Okay, no excuses here. Somehow the month of June has — or is — slipping past me all too quickly. Strawberries here in Connecticut were a bit late this year due to the cool spring. Then, the past week, we’ve had tropical summer temperatures. According to local farm stands, the berries will disappear within the next few days. So, here’s something that you can do to quickly capture the local strawberry experience all winter long. I stress local because in my taste bud’s opinion, there is simply no point in strawberries unless they are local and in season. The others may be beautiful, but they are generally all for show. Bred to be large, beautiful, and easily transported. Okay, enough sermonizing. Here’s the plan: strawberry freezer jam!

strawberry freezer jam — kid’s play

This really is a great activity to share with your favorite little one!

This really is a great activity to share with your favorite little one!

In my Can It! book, I have a recipe for strawberry freezer jam and tell how I used to make this with my kids when they were preschool age. Well, now I’m making it with my preschool grandkids. It’s that easy. I made a batch last weekend and timed myself. From start to finish — including all prep and clean up , everything back in its place and six lovely jars of jam waiting to freeze — took me about fifty minutes. That’s less time than going to the store to buy some jam. And the flavor of freezer jam is amazing. Because you don’t cook the berries, they keep their full, fresh, just-picked flavor. (Sounds like a commercial, doesn’t it, but it’s true.)

recipe for strawberry freezer jam

Yield: 5-6 half-pints Ingredients:

  • 2 cups mashed strawberries (just about a quart)
  • 4 cups sugar
  • 1 box (1.75 oz.) dry pectin (such as Sure-Jell or Certo)
  • 3/4 cup of water (or the amount required on the pectin that you purchase)

method

  1. Thoroughly wash and rinse freezer containers. Straight-sided plastic in one- and two-cup sizes are best, but glass jelly jars can also be used as long as you leave sufficient head space, i.e, room at the top for expansion.
  2. Thoroughly wash berries and remove and compost stems. Cut in halves or quarters to make mashing easier.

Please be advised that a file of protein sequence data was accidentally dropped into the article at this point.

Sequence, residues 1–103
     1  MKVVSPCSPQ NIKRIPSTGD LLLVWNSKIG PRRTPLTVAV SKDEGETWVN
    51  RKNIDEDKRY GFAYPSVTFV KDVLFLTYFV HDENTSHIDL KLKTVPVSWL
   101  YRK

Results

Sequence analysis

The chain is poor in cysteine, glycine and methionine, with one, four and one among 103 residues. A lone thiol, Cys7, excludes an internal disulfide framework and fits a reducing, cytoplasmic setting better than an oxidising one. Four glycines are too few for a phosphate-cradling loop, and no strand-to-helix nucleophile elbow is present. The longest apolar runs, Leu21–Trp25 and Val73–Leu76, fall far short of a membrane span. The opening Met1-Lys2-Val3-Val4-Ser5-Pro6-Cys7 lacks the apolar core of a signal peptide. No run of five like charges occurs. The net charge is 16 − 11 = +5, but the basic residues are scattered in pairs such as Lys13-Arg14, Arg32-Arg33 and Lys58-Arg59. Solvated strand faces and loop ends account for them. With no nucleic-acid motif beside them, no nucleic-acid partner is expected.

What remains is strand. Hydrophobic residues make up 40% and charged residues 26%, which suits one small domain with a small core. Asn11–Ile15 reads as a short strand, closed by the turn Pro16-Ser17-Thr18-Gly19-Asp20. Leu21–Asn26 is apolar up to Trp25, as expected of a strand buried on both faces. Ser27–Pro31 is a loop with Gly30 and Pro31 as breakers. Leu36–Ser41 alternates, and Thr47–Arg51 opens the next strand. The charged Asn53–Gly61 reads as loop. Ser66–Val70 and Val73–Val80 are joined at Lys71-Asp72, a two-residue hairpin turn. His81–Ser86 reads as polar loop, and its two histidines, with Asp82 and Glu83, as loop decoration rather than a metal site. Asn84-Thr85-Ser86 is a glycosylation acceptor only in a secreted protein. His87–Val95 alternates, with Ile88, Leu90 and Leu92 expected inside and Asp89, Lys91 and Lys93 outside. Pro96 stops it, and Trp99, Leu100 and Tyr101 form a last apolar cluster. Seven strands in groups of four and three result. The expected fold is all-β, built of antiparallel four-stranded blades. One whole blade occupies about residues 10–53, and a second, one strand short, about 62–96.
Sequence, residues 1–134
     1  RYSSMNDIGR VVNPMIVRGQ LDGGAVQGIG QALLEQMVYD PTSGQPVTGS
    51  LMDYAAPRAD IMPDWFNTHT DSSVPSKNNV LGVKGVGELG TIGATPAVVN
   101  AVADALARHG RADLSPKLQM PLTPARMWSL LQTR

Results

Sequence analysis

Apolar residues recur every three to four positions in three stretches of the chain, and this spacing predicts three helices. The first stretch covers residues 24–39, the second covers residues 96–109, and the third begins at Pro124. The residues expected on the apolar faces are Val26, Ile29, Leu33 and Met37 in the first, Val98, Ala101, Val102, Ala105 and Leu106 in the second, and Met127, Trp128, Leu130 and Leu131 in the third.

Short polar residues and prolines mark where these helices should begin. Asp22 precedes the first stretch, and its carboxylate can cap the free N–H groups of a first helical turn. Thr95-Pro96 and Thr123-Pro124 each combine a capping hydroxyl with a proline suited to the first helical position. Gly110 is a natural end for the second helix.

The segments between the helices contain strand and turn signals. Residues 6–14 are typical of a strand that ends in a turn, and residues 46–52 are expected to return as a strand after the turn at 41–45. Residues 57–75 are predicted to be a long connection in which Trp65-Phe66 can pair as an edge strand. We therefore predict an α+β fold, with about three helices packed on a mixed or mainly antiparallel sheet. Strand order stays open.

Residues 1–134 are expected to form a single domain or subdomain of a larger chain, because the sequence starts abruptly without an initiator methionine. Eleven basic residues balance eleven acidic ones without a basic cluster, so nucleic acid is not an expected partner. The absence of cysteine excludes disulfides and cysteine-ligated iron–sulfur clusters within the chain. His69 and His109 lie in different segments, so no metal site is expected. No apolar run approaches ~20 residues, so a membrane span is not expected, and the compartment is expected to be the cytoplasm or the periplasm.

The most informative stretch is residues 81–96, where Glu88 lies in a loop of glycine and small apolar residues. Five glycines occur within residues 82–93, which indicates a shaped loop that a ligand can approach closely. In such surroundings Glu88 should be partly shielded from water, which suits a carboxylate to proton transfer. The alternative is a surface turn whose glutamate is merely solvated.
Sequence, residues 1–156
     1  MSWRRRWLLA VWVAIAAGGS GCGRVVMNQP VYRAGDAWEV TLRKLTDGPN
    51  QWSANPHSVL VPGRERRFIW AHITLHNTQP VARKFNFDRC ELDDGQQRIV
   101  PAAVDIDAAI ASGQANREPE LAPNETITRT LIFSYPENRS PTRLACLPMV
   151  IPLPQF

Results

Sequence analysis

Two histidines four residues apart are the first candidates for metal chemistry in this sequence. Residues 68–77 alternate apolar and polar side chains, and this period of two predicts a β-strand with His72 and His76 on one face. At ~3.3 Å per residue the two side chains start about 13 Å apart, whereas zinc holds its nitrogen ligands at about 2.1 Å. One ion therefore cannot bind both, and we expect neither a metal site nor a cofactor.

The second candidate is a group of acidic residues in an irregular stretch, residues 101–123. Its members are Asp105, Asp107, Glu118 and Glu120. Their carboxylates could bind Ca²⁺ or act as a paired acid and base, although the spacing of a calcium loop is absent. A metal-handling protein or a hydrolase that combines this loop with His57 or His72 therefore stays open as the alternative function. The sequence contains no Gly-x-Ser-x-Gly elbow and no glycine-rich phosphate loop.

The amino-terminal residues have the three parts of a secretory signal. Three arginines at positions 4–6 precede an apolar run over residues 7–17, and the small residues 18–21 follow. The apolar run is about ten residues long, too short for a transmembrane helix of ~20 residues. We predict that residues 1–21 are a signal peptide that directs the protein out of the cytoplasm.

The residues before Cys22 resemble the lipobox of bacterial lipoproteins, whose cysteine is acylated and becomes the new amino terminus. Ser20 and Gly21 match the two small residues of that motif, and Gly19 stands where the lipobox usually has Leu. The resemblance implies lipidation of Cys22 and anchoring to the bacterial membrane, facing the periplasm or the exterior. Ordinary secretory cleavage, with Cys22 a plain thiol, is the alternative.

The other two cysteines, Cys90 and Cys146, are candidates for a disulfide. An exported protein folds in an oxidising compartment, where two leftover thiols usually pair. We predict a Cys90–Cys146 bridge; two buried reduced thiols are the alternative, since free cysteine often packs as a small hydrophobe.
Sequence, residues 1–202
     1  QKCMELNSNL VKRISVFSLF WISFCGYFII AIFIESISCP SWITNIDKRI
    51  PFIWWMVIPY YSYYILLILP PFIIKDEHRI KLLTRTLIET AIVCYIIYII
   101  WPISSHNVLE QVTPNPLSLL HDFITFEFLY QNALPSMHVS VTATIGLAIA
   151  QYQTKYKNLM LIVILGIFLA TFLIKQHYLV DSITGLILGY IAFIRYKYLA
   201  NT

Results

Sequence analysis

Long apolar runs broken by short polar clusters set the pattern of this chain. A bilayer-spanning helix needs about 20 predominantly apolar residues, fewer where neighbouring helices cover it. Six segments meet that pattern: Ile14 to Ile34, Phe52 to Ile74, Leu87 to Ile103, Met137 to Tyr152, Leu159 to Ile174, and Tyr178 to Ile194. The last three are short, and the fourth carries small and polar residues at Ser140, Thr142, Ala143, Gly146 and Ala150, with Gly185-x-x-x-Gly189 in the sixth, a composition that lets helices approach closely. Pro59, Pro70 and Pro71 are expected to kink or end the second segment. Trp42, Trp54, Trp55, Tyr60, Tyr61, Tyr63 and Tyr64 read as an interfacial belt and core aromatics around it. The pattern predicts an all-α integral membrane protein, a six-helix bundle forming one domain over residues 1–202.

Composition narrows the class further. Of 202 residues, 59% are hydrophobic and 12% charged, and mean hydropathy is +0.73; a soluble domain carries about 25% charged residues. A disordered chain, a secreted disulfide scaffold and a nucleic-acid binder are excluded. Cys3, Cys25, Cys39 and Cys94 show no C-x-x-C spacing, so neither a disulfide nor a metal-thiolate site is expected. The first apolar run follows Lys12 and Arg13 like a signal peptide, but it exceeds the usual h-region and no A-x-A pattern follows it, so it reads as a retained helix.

3. Measure exact amount of sugar.
  4. Mash the strawberries and measure exact amount. Do not use a blender, a potato masher is perfect. You want the jam to have some texture.
    4b: Here are the berries mashed up

    4b: Here are the berries mashed up

    4a. Mash the strawberries, one layer at a time. here I'm just starting.

    4a. Mash the strawberries, one layer at a time. here I’m just starting.

  5. Add the sugar to the mashed strawberries; stir until it’s mixed together, and let it stand for ten minutes.

    5. Stir until the sugar and berries are completely mixed. I've still got a ways to go here.

    5. Stir until the sugar and berries are completely mixed. I’ve still got a ways to go here.

  6. Dissolve dry pectin in water and boil for one minute.
  7. Add the pectin/water mixture to the fruit/sugar mixture and stir constantly for three minutes. The sugar should be pretty well dissolved, though you may see a few grains.

    8. Pouring jam into my jelly jars. I use my canning funnel to make it easier.

    8. Pouring jam into my jelly jars. I use my canning funnel to make it easier.

  8. Put the jam in straight-sided freezer containers, being sure to allow one-half inch headspace for expansion when frozen. Put top on containers.
  9. Let it stand at room temperature until set, usually twenty-four hours.
  10. Label and date. Store in refrigerator for three weeks or in freezer for up to one year. Trust me, you’ll eat them way before then! When ready to use, thaw in the refrigerator. When you spread it on your morning toast, you’ll be transported back to summer.
9. Let stand for up to 24 hours, until jam is set.

9. Let stand for up to 24 hours, until jam is set.